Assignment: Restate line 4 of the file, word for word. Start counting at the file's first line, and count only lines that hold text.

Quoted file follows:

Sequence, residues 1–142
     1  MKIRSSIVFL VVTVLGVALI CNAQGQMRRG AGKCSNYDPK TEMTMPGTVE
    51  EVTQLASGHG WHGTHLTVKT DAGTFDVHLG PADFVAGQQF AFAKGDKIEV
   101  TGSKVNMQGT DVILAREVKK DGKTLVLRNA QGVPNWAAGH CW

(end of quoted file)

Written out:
   101  TGSKVNMQGT DVILAREVKK DGKTLVLRNA QGVPNWAAGH CW